Relations among China, US, and Taiwan: The Nuclear Doctrine Angle

China has a no-first-use policy for nuclear weapons. However, China considers Taiwan to be its territory, and according to China, this policy doesn’t apply to any situation involving Taiwan. This message was clearly conveyed by Sha Zukang, the former Chinese ambassador to the UN. In an interview with the BBC, Sha said that China would “do the business” and sacrifice its own people’s lives if any nation supported a declaration of independence by Taiwan. This is what makes the situation with Taiwan so dangerous.

A significant part of China’s strength lies in its conventional forces and weapons. However, China’s nuclear doctrine has thus far ensured that external interference in China’s businesses has not occurred. Taiwan, according to China, is its territory and its business. It’s about national pride and deterrence. In fact, China’s entire nuclear doctrine has been designed keeping deterrence in mind. And China is one of the few countries that has a credible second strike capability. This is what makes it extremely dangerous.

Usually, when countries talk about second-strike or retaliatory capabilities, they mean that when an enemy carries out a nuclear attack, they’d be able to respond because they have nuclear-capable warships, planes, submarines, and land-based facilities. However, all of these can also come under attack. China, on the other hand, has what it calls the “Underground Great Wall”: An underground network of facilities, silos, tunnels, and living quarters.

This network stretches for some 3000 miles and is deep underground, making it immune to existing weapon systems. This facility was built because China believes (rightly so) that it can absorb any kind of a first nuclear attack. So, this underground great wall houses a large part of China’s nuclear arsenal and gives China the ability to retaliate in less than 10 minutes. So far, China’s policy was clearly of no-first-use, which made this great wall significant.

However, China has been attempting to deviate away from this policy. For example, there is a lot of ambiguity in terms of what China considers a first attack. One of the most significant debates currently going on within the military intelligentsia of China is related to what really constitutes a first strike.

Some have proposed that any kind of cyber attack on nuclear facilities or any use of a conventional missile system should be considered as a nuclear attack. Some have even gone beyond this to define any act of war against China as a nuclear attack. Clearly, with no clarity on what China considers a first strike, its nuclear doctrine has begun to look a lot more dangerous.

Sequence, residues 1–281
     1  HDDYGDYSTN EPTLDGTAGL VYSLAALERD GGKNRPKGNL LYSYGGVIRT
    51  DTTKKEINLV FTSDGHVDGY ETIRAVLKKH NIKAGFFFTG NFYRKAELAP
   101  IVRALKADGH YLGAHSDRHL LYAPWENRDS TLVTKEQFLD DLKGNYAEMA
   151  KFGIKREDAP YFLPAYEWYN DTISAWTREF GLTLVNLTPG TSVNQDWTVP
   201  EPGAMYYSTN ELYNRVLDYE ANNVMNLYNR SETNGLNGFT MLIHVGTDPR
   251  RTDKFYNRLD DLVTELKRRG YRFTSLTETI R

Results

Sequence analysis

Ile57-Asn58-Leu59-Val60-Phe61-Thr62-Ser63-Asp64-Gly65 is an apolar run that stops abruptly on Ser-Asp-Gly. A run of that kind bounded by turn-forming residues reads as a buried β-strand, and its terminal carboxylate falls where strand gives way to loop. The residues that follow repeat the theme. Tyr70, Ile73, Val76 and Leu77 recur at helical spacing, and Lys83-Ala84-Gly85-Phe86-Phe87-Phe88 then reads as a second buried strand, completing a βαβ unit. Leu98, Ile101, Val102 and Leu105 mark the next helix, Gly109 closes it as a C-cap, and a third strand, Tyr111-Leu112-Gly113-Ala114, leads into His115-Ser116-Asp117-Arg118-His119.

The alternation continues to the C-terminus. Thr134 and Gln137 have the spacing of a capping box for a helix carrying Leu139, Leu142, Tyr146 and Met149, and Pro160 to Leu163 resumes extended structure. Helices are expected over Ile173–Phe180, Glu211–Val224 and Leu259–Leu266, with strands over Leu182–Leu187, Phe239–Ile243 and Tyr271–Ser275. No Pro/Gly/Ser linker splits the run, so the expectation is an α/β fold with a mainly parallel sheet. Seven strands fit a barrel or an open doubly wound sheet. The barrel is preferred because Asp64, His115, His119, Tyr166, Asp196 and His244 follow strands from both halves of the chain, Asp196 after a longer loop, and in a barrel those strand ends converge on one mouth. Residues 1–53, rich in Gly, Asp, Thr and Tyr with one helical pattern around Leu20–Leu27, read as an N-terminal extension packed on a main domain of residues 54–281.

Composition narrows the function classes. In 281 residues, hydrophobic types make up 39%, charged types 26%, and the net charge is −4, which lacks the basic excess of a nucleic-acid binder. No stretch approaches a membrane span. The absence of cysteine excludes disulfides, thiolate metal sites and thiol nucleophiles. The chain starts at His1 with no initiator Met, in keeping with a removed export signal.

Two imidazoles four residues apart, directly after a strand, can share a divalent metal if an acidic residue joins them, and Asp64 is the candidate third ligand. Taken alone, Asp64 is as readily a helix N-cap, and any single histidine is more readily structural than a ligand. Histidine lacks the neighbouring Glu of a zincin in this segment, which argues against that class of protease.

Also, due to the underground great wall, any deviation from first use policy becomes a significant risk factor for the rest of the world. This is because, while transportation of nuclear weapons and increase in military activity can generally be tracked via satellite, the pace of activities within the underground great wall are hidden. It provides cover for any attack preparations.

Now that we understand China’s nuclear doctrine, we must understand the relationship between China, Taiwan, and the United States. Firstly, Taiwan briefly became a Dutch colony in the 1600s but was liberated by a Chinese loyalist. Prior to the Dutch occupation and after it, Taiwan essentially was part of China in every way – culturally and linguistically.

But, it wasn’t until the communist revolution of 1949 that a significant difference between China and Taiwan arose. When Mao took over in mainland China and declared it to be People’s Republic of China (PRC), his political rivals took refuge in Taiwan and declared it to be Republic of China (ROC). It’s from this event that the two countries developed animosity. In fact, Taiwan isn’t even recognized as an independent country by much of the world.

The US specifically hasn’t had any official diplomatic relations with Taiwan since 1979 when PRC was recognized as a nation. But, the US has had unofficial relations with Taiwan, offering it moral support. This has been done to ensure that Taiwan doesn’t get invaded by the PRC because that would cause instability in the region.

Even though the US has never maintained official relations with Taiwan, China has been extremely wary of even the slightest signs of US involvement in Taiwan. This is because strategically, Taiwan is an important military buffer for China on the South-Eastern front. China believes that in the case of a war, even a limited one, Taiwan could play a significant role as a launch pad for an invasion of the mainland.

As a result, on the issue of Taiwan, there has been a continued strain in Sino-US relations.

The future of the relations between the three countries became even more uncertain ever since Tsai Ing-Wen, the President of Taiwan, promised to declare independence from China. As a result, both China and US have been keeping a close eye on the situation in Taiwan and have been trying to dissuade tension by means of unofficial talks.

What the future holds for the relationship between the three countries is uncertain. Growing tensions in the South China Sea, and the posturing of China and US on various fronts has given impetus to some war hawks on both sides. Some even see Taiwan as China’s weak point, something that can be exploited. However, for now, peace prevails. Let us hope that continues to be the case.

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